The Association further argues the Machinists come to the Commission with "unclean hands" which diminish any legitimate interest Machinists may cite to warrant their participation. The Association alleges the Machinists induced the County to violate the County contract with the Association by allowing the Machinists' Local President to leave the Association unit without Association approval. The Association further argues that if the Local President cannot remain in a position of leadership with Machinists, "this alleged wound is self-inflicted", and should not be used as a valid interest allowing intervention.

Machinists respond to the Association's arguments by asserting that their participation would indeed produce new evidence and arguments in the complaint proceeding and that Machinists clearly qualify as a "party in interest" entitled to file a Petition for Review under ERC 12.09 within the 20-day period following issuance of the Examiner's decision.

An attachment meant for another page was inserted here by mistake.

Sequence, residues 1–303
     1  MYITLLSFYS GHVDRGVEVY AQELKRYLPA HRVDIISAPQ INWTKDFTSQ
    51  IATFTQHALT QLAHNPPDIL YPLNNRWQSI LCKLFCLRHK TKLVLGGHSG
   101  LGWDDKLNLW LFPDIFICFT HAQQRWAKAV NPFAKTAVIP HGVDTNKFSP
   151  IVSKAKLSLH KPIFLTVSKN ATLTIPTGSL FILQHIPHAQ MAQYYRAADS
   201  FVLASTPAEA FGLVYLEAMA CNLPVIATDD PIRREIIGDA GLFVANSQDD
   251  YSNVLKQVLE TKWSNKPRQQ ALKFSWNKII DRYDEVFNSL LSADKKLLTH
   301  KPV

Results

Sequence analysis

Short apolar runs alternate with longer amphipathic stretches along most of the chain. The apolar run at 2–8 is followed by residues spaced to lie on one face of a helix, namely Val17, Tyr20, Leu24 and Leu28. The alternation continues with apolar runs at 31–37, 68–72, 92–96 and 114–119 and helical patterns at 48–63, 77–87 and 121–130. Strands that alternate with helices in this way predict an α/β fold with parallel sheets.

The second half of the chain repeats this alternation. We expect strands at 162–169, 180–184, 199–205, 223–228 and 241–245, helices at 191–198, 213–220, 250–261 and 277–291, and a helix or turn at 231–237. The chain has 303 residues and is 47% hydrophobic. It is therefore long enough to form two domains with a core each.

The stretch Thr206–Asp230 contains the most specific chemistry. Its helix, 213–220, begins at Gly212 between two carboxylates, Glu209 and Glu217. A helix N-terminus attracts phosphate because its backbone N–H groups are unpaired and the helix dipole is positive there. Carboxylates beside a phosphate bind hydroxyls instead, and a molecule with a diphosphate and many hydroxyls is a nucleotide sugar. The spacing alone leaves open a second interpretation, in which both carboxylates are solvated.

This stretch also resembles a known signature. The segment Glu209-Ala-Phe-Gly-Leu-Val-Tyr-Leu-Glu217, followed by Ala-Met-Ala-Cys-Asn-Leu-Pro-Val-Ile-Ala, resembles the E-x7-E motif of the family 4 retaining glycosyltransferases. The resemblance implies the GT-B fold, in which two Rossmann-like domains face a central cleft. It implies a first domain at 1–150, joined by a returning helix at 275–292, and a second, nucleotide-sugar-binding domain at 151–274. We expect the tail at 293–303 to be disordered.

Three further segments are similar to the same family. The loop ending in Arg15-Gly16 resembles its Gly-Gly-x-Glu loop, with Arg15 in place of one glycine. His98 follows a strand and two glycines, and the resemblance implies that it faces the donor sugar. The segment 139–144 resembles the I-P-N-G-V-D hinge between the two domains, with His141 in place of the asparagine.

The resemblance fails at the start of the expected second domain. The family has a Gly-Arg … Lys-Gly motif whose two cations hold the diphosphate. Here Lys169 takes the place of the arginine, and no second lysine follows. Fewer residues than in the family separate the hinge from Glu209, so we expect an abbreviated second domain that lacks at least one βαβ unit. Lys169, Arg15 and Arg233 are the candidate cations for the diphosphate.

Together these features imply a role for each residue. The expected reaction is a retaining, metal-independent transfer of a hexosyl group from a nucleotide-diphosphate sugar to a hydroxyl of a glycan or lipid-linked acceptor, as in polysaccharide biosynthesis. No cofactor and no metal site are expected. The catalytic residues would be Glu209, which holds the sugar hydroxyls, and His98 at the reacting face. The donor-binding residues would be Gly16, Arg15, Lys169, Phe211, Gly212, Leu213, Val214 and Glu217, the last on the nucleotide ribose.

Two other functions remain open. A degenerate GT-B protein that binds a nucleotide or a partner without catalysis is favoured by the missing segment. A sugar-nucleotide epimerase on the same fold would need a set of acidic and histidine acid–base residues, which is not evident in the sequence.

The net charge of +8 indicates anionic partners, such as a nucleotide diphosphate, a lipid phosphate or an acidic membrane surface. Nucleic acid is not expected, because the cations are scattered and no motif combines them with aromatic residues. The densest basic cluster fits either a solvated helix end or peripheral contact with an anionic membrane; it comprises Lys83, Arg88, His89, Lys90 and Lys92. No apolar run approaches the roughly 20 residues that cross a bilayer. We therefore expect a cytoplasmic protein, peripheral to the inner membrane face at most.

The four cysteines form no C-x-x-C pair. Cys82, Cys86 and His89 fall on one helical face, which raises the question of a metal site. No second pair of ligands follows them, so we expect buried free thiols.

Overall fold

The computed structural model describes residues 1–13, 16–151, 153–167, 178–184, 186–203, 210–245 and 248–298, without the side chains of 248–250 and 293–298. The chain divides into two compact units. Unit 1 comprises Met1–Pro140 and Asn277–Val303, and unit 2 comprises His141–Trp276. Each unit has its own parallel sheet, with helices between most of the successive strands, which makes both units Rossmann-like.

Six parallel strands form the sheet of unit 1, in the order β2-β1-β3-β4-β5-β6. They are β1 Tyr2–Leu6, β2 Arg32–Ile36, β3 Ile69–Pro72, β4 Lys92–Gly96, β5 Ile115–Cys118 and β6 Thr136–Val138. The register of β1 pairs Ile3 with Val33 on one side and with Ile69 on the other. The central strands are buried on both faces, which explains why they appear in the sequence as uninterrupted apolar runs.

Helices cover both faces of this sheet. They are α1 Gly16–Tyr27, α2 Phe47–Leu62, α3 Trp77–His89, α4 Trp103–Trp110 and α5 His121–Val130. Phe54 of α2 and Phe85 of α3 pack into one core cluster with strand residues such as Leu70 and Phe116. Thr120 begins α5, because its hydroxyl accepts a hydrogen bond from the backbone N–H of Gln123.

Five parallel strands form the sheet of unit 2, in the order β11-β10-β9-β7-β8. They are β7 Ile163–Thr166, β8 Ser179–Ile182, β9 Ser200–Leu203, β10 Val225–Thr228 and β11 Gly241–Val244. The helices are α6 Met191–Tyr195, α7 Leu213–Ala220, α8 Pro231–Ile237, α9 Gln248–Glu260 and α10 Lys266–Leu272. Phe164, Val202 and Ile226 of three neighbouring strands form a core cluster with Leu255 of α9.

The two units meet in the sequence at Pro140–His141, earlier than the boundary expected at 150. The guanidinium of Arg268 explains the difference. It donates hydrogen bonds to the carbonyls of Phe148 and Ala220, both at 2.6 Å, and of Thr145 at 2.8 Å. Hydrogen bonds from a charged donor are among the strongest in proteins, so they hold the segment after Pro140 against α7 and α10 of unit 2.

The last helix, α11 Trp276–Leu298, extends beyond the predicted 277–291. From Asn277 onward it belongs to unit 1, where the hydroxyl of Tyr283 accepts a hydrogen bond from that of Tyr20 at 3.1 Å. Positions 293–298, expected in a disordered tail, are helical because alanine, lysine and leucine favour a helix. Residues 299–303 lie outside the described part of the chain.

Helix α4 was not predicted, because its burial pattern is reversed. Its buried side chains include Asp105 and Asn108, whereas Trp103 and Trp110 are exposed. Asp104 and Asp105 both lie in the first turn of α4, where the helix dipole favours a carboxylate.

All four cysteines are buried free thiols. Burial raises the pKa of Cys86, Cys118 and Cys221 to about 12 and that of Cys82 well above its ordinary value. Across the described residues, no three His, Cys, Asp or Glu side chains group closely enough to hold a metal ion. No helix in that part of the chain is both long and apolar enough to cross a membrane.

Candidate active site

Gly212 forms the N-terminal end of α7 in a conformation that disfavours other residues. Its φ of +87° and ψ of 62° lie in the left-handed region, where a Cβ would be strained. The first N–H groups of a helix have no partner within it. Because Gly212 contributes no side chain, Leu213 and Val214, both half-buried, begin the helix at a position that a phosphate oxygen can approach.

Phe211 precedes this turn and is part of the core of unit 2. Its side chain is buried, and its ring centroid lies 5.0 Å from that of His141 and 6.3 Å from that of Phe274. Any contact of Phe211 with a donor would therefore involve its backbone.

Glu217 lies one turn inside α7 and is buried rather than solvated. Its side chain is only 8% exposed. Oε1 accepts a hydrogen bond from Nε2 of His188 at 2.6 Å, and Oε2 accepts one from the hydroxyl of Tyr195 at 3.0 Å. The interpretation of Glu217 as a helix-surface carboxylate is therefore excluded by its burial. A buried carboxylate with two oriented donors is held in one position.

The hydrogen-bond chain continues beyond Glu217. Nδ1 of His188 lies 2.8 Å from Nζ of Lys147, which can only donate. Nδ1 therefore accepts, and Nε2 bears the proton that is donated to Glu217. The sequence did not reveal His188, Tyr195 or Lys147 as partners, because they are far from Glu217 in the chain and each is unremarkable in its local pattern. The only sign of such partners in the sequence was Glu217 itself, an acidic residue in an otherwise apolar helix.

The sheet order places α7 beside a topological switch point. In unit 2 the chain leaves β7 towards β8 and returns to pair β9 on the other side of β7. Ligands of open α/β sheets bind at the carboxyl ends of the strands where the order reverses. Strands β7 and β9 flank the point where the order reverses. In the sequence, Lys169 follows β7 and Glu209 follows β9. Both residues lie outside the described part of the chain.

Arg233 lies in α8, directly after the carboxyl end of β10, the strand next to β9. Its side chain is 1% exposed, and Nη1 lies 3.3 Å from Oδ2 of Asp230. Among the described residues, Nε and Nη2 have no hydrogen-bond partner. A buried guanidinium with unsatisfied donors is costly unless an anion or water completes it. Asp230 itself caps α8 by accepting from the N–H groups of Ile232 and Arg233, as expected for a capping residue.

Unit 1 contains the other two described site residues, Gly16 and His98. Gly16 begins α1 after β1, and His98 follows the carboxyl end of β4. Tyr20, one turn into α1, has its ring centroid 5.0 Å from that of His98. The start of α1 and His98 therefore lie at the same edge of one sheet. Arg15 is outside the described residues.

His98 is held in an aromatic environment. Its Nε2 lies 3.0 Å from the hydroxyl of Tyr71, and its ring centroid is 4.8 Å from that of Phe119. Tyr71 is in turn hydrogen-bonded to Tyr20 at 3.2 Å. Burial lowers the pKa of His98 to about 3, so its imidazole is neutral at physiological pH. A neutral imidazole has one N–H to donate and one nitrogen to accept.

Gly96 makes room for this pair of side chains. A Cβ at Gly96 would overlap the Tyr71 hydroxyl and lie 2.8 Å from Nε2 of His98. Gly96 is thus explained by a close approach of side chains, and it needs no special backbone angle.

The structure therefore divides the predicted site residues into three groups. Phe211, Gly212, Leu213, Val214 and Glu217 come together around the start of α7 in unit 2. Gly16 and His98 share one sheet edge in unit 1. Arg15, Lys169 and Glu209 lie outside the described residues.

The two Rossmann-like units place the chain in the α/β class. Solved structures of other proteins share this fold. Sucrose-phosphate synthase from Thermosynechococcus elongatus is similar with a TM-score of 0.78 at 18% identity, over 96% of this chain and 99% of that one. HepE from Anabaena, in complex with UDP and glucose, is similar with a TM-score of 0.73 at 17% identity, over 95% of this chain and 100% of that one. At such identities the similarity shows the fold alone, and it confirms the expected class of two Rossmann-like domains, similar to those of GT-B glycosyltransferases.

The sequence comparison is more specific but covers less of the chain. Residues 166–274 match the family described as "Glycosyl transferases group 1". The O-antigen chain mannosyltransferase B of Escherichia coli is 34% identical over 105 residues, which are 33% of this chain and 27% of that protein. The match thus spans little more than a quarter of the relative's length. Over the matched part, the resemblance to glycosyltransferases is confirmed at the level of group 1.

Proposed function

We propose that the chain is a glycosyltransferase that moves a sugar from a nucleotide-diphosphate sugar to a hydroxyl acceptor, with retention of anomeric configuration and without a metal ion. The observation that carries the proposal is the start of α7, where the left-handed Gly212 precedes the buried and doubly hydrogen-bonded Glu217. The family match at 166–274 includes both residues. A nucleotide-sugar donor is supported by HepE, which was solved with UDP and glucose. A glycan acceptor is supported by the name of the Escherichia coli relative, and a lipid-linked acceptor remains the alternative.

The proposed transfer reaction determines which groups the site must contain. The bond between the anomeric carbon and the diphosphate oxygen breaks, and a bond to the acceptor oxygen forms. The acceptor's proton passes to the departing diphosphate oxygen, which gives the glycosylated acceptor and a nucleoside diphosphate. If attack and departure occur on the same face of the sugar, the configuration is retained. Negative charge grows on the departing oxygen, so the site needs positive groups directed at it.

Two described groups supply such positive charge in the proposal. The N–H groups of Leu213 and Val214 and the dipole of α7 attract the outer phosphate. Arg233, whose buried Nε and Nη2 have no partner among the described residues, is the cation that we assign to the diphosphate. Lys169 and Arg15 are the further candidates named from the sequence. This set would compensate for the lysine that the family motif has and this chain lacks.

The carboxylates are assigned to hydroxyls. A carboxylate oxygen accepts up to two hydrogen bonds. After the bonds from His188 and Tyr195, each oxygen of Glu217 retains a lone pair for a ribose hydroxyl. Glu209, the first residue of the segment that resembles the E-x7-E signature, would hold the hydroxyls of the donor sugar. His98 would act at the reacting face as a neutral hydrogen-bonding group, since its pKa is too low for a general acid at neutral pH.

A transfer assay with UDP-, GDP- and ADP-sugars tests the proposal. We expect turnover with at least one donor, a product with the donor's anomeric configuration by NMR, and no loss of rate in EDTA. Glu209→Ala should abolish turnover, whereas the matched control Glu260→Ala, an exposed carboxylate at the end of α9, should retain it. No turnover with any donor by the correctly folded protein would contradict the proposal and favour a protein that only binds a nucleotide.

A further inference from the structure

Machinists also contend that the Motion to Intervene is timely inasmuch as Machinists lacked formal notice of the complaint and hearing.

The County takes no position as to the Motion and Petition.

DISCUSSION

We have reviewed the instant matter and conclude that Machinists' Motion to Intervene is untimely. We further conclude that absent admission into this proceeding as a party through the granting of a Motion to Intervene, Machinists have no independent right to file a petition for review. Therefore, we have dismissed the Machinists' Motion and Petition.

Section 111.07(2)(a), Stats. (which is made applicable to this proceeding by Sec. 111.70(4)(a), Stats.) provides: